The Sabres have the 12th and 21st overall picks in the first round (the latter courtesy of Nashville via the Paul Gaustad trade) plus the 42nd and 44th overall picks in the second round.

The objective is clear.

"The focus is on how we can add to what we have up front," Regier said. "That’s what we hope to do."

Regier can’t discuss names, but it’s a guarantee he would have already phoned Columbus about Rick Nash. Given that Nash has a no-movement clause and can control his destination, I’d rate Buffalo as a long shot. Then there’s Bobby Ryan in Anaheim, my TSN colleague Bob McKenzie reporting Tuesday that the Ducks were at least listening for offers for the Team USA winger, and I’d be shocked if Regier didn’t phone up Ducks GM Bob Murray to also inquire.

What Regier did say is that he was planning on phoning a long list of teams again Wednesday to get an updated view of the landscape.

Keep an eye on the Sabres, they’re planning on being aggressive.

Garrison remains untethered

Offers have been made, talks are ongoing, but Florida Panthers blueliner Jason Garrison, a pending UFA, remained unsigned Wednesday as July 1 continues to approach.

The Panthers and Garrison’s camp were scheduled to talk again Thursday in Pittsburgh.

"We’ll continue to talk and see if we can get something done," said Garrison’s agent, Matt Oates.

Garrison had a career-high 16 goals this past season. Once Ryan Suter goes off the board July 1, Garrison could come into demand in a hurry. On the other hand, he’s played all his NHL hockey in Florida and loves it there. Tough call.

Schneider still unsigned

As the Vancouver Canucks figure out Roberto Luongo’s future, let’s not forget the other shoe that needs to drop.

Canucks goalie Cory Schneider, RFA July 1, needs a new contract.

"Vancouver has certainly talked to us, and we’re receptive, but there isn’t anything imminent at this point," Schneider’s agent, Mike Liut, told ESPN.com on Wednesday. "They’d like to get Cory signed, Cory would like to sign in Vancouver."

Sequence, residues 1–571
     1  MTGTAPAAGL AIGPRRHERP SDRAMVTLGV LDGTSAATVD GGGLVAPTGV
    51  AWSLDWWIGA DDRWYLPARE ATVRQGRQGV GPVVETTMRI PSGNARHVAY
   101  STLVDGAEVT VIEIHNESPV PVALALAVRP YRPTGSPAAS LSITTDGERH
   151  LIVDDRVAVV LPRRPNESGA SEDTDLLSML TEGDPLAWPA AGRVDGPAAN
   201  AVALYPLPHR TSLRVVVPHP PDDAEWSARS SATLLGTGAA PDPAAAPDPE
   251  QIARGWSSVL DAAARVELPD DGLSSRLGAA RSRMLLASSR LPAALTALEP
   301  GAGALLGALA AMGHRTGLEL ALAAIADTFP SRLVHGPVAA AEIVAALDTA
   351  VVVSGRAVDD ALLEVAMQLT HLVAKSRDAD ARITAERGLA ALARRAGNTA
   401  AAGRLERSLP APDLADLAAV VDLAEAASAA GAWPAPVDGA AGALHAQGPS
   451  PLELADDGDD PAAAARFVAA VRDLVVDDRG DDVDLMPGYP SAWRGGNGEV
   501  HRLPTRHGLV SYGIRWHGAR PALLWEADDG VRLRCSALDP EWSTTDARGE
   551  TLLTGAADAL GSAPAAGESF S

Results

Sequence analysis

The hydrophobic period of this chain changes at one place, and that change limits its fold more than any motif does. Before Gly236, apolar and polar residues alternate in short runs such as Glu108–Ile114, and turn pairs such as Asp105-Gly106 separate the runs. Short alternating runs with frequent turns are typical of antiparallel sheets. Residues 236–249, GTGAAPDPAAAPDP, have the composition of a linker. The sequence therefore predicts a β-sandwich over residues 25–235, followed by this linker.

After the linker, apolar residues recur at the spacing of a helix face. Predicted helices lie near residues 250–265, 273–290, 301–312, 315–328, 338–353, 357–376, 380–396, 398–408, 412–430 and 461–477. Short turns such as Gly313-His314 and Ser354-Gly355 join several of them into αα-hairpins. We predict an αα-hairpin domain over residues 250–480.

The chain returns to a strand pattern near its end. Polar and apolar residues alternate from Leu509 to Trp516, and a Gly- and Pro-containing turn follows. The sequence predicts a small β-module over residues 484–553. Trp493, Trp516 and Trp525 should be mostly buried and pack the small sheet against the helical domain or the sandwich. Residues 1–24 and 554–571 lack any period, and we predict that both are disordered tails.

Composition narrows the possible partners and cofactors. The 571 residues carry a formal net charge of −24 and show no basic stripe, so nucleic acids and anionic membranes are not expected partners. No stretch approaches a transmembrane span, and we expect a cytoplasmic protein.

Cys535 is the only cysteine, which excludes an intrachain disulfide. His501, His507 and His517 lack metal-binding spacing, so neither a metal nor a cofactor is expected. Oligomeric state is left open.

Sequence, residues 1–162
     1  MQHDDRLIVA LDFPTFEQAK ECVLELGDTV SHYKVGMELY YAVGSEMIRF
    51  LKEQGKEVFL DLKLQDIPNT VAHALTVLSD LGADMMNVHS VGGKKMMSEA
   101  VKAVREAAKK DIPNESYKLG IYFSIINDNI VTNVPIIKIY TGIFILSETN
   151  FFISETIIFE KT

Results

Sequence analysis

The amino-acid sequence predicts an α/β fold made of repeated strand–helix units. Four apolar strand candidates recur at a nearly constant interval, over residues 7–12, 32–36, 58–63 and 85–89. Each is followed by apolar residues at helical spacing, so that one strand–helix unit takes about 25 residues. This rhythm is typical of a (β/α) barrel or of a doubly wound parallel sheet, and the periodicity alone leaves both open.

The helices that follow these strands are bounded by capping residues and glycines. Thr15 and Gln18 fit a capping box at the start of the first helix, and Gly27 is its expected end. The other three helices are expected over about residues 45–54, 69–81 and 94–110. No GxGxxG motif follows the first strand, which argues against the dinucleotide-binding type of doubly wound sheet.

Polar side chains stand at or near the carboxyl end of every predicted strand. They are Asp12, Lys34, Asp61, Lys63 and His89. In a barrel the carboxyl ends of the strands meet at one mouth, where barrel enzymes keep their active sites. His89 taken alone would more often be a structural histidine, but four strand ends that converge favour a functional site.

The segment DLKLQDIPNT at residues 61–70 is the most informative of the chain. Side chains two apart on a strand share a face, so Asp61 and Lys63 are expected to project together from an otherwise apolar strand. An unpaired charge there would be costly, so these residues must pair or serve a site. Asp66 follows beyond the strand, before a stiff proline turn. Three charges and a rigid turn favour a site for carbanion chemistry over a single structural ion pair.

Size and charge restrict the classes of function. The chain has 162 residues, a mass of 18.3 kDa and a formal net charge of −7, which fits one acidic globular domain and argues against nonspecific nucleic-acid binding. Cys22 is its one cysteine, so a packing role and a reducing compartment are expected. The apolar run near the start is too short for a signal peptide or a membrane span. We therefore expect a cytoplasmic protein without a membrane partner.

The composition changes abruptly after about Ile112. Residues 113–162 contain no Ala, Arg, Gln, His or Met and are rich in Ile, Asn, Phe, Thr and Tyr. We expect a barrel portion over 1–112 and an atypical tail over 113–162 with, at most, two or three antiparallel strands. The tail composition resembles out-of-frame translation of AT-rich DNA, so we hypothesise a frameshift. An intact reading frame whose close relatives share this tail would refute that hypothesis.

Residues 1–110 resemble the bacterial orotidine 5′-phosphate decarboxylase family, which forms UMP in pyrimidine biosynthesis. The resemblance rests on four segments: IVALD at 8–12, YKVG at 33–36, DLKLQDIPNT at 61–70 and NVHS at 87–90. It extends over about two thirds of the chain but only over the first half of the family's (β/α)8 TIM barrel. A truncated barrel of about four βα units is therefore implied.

But at this point, the two sides are not too far down the road in contract talks.

"No," Liut said. "It always appears to me that things accelerate after the draft."

While Liut wouldn’t say this, my own sense is that it’s hard to imagine Schneider being willing to sign until he knows what happens with Luongo first. Only makes sense.

Backstrom not in play

Seconds after the Minnesota Wild announced the re-signing of goalie Josh Harding on Tuesday, some people around the league immediately began to speculate that meant veteran goalie Niklas Backstrom was on the block.

Not so.

"Not at all," Wild GM Chuck Fletcher told ESPN.com. "We believe we need a strong one-two punch in goal. We’ve got that with Josh and Nik. We have no interest in disrupting that. You look around the league and you see the importance of having depth in goal. That’s what we want."

Backstrom, 34, has one more year left on his deal ($6 million) before becoming an unrestricted free agent in July 2013.

Harding signed for $1.9 million per season over three years, a reasonable number, to be sure. And I think you’ll see him blossom into a No. 1 during that span.

And the Wild still have lots of cap space left to take their expected run at Zach Parise come July 1.